Bulgaria on Thursday summoned Russia’s ambassador “for explanations” after Moscow placed Bulgarian Christo Grozev, the executive director of the investigative website Bellingcat, on its list of wanted persons.
Bellingcat makes extensive use of open-source databases and online research tools and has won several awards.
It has run a series of investigations into what it says had been Russian involvement in a number of serious crimes, including attempted poisonings of critics.
A Russian interior ministry database said Grozev, who lives abroad, “is wanted for violation of an article of the Russian penal code.”
There was no further information in the statement, which was posted Monday.
After it began investigating Russia’s military operations in Ukraine, Moscow declared Bellingcat organization a “threat” that is “undesirable” on its territory.
Earlier Thursday, Bulgaria’s interim premier Galab Donev denounced the listing of the journalist as “an unacceptable attempt at intimidation.”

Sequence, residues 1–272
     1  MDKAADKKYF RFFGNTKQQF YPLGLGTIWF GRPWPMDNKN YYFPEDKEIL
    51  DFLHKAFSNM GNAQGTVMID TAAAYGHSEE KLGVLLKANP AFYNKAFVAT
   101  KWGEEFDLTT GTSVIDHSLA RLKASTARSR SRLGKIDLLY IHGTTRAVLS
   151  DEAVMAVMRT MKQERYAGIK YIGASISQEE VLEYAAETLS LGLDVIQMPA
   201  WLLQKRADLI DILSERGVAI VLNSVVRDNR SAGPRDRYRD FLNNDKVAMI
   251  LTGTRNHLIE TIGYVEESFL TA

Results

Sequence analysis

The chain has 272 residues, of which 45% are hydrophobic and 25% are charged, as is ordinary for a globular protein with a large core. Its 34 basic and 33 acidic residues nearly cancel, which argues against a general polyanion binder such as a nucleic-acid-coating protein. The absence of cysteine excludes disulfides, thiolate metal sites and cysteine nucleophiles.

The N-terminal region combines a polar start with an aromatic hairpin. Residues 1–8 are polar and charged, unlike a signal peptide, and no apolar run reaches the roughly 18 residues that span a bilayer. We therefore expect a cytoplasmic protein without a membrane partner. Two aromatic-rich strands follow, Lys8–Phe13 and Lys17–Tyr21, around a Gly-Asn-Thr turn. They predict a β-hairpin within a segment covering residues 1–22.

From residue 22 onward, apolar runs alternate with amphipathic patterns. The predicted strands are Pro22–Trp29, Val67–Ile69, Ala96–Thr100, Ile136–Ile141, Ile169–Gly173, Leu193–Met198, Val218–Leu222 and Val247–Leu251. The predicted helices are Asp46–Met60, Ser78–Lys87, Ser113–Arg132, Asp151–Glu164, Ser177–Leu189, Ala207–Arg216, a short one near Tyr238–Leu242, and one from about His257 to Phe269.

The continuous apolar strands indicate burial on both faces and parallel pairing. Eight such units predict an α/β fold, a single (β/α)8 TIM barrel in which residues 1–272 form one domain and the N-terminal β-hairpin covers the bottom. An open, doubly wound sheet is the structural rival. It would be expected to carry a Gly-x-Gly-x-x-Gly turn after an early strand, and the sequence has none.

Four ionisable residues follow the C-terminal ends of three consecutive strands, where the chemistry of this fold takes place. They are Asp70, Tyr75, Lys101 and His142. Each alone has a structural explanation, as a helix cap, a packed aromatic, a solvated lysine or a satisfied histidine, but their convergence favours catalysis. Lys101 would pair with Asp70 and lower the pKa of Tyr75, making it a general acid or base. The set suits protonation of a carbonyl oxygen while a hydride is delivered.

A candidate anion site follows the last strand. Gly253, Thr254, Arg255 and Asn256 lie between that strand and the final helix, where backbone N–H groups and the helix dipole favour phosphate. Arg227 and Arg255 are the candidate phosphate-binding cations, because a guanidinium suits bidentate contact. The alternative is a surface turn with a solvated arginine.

The Russian embassy replied that the listing was “not about intimidating the journalist or any threat to his life.”
Russian ambassador Eleonora Mitrofanova, speaking to journalists after her meeting at Bulgaria’s foreign ministry, said she had no information about the accusations against Grozev.
“The website of the Russian interior ministry never describes the specific charges against persons who are declared as wanted,” Mitrofanova said.
Grozev was only sought on Russian territory, and Bulgaria would have to seek more information directly from the Russian interior ministry, she added.
Grozev mocked her comments on Twitter after thanking the Bulgarian government for having stood up for him by “asking the Kremlin tough questions.”
The journalist, who keeps his whereabouts secret for security reasons, told Bulgarian Nova television earlier this week that he feared for his life.
Grozev said he had been offered help by several foreign countries, including Austria, where he has been living recently.
The office of the Bulgarian president also said it was in contact with Grozev and taking steps to ensure his protection.
Before Russia’s invasion of Ukraine, Bellingcat had already investigated the crash of flight MH17, which killed 298 people in eastern Ukraine in 2014, arguing that Russian-backed fighters were likely responsible.
It has run separate investigations alleging Russian intelligence involvement in the 2018 poisoning in the U.K. of the double agent Sergei Skripal and of the 2020 poisoning of Kremlin critic Alexei Navalny.